Letters to editor: July 25

July 25, 2014 

Legislative terrorist

The basis of Sen. Mitch McConnell's career has been superb and ruthless political skills and his direction of federal dollars to the state. One would expect that a five-term senator would have authored several pieces of landmark legislation. This is not the case. His record is rather pedestrian; he is a government policy wonk and has offered few solutions.

He criticizes the legislation and proposals of the Democratic Party using false information. He is the "Great Obstructionist" with filibusters stopping what could be productive legislation. His role has become a legislative terrorist. His contributors and constituency are those who control the hard-working middle class and the poor.

His policy and political positions are being dictated by the extreme Republican right wing. When he does decide to become involved, as he did with raising the debt limit, it comes from desperation after the carnage has started.

Danny Shearer

Lexington

Justice served

Officer Jeff Brangers got his just desserts. It did my heart good to read in the July 15 newspaper, "Policeman who shot dog resigns."

Brangers should never be allowed to join any police force. He shot and killed a neighbor's 12-year old-dog as he was sitting watching his chickens. When the dog wandered off the property, he shot it.

Seems strange he had a gun while he was in his yard. Because of this cruel and thoughtless act, Brangers should seek help. He is a detriment to society.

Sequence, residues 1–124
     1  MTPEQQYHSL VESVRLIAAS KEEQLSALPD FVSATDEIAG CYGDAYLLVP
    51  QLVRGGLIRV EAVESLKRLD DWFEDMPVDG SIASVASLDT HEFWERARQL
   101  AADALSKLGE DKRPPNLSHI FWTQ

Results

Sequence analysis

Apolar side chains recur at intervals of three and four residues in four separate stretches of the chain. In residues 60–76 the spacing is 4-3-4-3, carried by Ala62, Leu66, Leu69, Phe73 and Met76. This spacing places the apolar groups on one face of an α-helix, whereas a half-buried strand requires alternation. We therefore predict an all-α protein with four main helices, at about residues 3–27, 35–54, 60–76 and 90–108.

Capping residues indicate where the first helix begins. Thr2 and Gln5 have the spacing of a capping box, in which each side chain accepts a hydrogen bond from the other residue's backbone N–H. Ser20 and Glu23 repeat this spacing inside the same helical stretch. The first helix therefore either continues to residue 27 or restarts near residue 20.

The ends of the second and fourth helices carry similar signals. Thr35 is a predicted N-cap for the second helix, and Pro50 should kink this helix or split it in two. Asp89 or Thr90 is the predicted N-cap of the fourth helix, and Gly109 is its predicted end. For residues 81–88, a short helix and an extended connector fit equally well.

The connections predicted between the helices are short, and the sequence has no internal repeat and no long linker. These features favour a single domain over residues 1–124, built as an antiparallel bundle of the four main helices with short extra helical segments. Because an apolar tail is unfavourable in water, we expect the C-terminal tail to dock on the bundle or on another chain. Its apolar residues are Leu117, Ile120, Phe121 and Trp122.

Kathleen Fonagy

Lexington

Stricter driving laws

How are parents supposed to teach children the responsibilities of driving when there are many distractions? Driving has become secondary to eating, drinking, brushing your teeth, putting makeup on, talking with your hands, etc.

Who has time to watch the road with so much other stuff to do? One thing that drives me nuts is seeing people texting, dialing, or talking on their phones while turning a corner or parking using one hand — an accident waiting to happen.

The number of state and city government vehicle operators who I see talking on their phones is an issue. What kind of message is this sending? There should be a law that no state or city employee driving a vehicle owned by these agencies should be allowed to operate an electronic device while behind the wheel.

This same law should apply to any form of commercial vehicle. We must stop these types of unsafe acts before we can convince the younger generation of the major consequences of their actions. The old rule, "do as I say and not as I do," is really running thin.

Brent Webster

Nicholasville

Prostate therapy omitted

I read with great interest the July 12 column by Dr. Richard Matter. He does a good job of introducing basic information on the diagnosis of prostate cancer, but is remiss in neglecting to mention what may be the most efficacious method of treatment — proton beam radiation therapy.

When I was a high-risk patient, I chose proton beam therapy to treat my prostate cancer four years ago at Indiana University's Proton Health Center. There were only seven proton centers in the country.

Today, there are twice that number in operation with 12 more in development. Two of the new proton centers are being constructed in Minnesota and Arizona by the Mayo Clinic.

Prostate patients who have chosen this therapy are virtually unanimous in feeling we made the right choice from the treatment options available.

Avoiding serious side effects, maintaining one's quality of life and minimizing the possibility of recurrence should make proton beam therapy at least an option to be mentioned when listing the various forms of prostate cancer treatments.

Chet Sygiel

Jackson